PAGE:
Teething is a very common reason why your baby won’t sleep at night, the pain is usually worse in the evening.
How to help
There are a number of different products we used with our daughter, some are better than others but all were effective. Each child is different and you’ll need to find what works with yours.
Ashton & Parsons teething salts. Pour some of that into their mouth and this should make a significant difference. We’ve been using this in our house since our daughter’s first tooth! She loves it.
The Ashton & Parsons can be quite fiddly… I have wasted many a sachet trying to pour it into the mouth of a little wriggle. Some of the best techniques we’ve found are to use a spoon or tear the pack open width ways to avoid waste. I always end up buying the 30 sachet pack in case of waste. The plus side is that they’re not expensive.
Teething toys are incredibly useful alongside the Ashton & Parsons. Our daughter’s favourites were Sophie la giraffe, Matchstick Monkey and Boo the Bunny! She loved Sophie so much that she bit off her ear!
We’ve had a wide range of teething toys, but these were her go -tos. It may even be worth getting some that are made of rubber with liquid in them. These can be refrigerated and help to soothe your baby’s sore gums.
2. Separation anxiety
Separation anxiety could be a major factor when considering why your baby won’t sleep at night. It can be the cause of many sleepless nights.
Why does it happen?
Your baby misses you! They can’t stand to be away from you! The very thought of you not being near them fills them with dread and despair!
Possible causes – going back to work after your maternity leave, starting nursery, no longer nursing, fear of losing you or being lost to name a few.
Is separation anxiety normal?
Yea, it is. According to Stanford Children’s Health, “Nearly all children between the ages of 18 months and 3 years old have separation anxiety and are clingy to some degree.” One of the most common results of separation anxiety is refusing to sleep alone!
This is an incredibly challenging time for families as there is little we can do to get past this. Take solace in knowing this is temporary and will pass!
How to help
Stay strong, separation anxiety can be really troubling for you both, try to be there for your little one and give them the attention they crave. Let them know what you’ll both do in the morning when they wake up. Be positive with them and let them know their feelings are ok.
This is short-lived in the grand scheme of their childhood, so try to be as supportive as you can.
For some, the cure for this is to start sleep training. Read this before you even consider sleep training! When you’re lonely or frightened what do you want? In most cases, it will be attention, love or feeling safe.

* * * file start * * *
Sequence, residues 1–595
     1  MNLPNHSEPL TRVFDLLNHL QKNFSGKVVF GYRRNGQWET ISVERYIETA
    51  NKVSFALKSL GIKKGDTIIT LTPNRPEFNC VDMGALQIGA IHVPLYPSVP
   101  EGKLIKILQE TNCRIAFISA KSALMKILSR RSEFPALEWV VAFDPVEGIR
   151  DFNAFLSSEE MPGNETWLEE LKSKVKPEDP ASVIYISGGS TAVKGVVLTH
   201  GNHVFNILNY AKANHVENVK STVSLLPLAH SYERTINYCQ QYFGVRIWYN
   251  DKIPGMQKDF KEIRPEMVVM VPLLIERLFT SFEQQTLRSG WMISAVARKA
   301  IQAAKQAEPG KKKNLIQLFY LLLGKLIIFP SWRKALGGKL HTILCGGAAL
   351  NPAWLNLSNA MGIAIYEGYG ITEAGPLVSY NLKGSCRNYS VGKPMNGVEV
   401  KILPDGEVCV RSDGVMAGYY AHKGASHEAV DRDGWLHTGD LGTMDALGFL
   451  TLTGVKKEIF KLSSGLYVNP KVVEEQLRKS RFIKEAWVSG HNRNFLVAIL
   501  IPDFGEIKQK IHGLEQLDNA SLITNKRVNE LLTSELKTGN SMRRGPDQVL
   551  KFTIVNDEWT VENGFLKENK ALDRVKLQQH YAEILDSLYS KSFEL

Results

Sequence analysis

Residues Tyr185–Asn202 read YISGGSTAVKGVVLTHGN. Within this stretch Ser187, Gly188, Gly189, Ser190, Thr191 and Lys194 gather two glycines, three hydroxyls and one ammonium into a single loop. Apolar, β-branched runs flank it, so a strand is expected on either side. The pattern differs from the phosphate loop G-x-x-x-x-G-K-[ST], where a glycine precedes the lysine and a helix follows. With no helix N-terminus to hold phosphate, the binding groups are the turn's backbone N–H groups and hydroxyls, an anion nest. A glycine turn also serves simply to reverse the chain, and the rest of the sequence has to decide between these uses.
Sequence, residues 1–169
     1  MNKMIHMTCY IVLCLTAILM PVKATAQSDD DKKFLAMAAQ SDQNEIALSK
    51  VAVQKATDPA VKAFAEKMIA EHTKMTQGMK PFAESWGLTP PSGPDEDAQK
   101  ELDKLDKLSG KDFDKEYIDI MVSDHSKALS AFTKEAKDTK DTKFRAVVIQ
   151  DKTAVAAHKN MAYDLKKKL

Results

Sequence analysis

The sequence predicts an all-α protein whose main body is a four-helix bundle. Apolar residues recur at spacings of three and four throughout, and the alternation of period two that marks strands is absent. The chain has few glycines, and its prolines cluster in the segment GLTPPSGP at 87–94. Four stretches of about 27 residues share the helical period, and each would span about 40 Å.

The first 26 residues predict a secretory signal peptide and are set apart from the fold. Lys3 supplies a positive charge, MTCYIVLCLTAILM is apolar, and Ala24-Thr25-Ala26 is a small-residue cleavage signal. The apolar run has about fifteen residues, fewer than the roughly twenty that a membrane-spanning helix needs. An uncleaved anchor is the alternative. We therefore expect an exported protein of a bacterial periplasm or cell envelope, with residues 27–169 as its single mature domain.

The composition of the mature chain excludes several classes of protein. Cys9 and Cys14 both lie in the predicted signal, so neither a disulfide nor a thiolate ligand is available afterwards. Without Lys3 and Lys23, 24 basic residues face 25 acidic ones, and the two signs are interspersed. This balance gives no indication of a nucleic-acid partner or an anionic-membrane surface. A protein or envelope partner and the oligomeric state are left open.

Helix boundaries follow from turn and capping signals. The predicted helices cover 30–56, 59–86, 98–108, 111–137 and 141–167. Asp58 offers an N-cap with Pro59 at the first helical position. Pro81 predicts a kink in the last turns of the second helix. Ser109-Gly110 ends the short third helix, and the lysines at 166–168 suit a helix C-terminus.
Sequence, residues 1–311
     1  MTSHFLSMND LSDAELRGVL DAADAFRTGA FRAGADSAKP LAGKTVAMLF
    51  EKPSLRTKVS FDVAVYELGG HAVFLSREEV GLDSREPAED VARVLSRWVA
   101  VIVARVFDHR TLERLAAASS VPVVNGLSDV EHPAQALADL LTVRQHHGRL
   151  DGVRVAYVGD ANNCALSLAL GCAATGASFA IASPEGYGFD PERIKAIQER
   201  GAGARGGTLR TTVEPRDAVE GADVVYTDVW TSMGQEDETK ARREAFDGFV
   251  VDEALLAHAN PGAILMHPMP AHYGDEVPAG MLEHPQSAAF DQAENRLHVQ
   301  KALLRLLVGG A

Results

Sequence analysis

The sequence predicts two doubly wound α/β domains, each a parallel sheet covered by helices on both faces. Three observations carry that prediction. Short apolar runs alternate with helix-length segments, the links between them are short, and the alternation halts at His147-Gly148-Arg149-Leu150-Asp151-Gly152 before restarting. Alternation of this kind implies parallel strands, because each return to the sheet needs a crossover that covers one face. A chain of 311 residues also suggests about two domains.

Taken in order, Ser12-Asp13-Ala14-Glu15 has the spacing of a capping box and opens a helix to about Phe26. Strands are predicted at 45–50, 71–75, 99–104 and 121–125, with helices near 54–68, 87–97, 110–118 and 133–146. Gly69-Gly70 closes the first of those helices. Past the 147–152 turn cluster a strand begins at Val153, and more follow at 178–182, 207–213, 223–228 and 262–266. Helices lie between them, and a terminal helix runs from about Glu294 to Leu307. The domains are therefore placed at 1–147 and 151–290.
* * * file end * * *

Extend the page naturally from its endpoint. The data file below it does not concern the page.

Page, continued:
It’s great that you’re able to communicate that or seek those things. Your baby can’t… You’re their lifeline, the one they need and trust to look after them. The one they’re seeking to give them attention, love and make them feel safe.
By having your baby, you’ve made a commitment to them. You had to know it wasn’t going to be easy; you had to know you were going to have sleepless nights; it may well just be harder than you expected.
Don’t let them cry it out. Don’t ignore them while they’re alone in their big dark room helpless. They need comfort and someone to rely on, they need their family.
Ignoring your child will eventually lead to sleep, there are probably hundreds of millions of cases where crying children learn to “self soothe”. Or have understood that no matter how much they cry, no one will come. But how will this affect them in their later life?
I don’t mean to make people feel guilty, this is not an attempt to parent shame, but to bring awareness. We’re all parents just trying to do our best and what’s right for us and our children.
I believe there are very few parents out there that would want to cause harm to their children. Sleep deprivation is horrible and takes us away from being the best version of ourselves. The things I’d have done to get 40 winks around the 4-month mark! Don’t beat yourself up for looking for ways to allow for both you and your child to sleep.
There is so much literature out there about why your baby won’t sleep at night and there are tons of sleep training methods that claim that training your baby to sleep is the best thing to do.
If you’re interested in another approach, why not read ‘The book you wish your parents had read‘. It will definitely change your way of thinking! If you’re interested in our positive parenting solution, why not get our guide to baby’s daily routine?
When our daughter was first born we were told about an app which would apparently change our lives! ‘The Wonder Weeks‘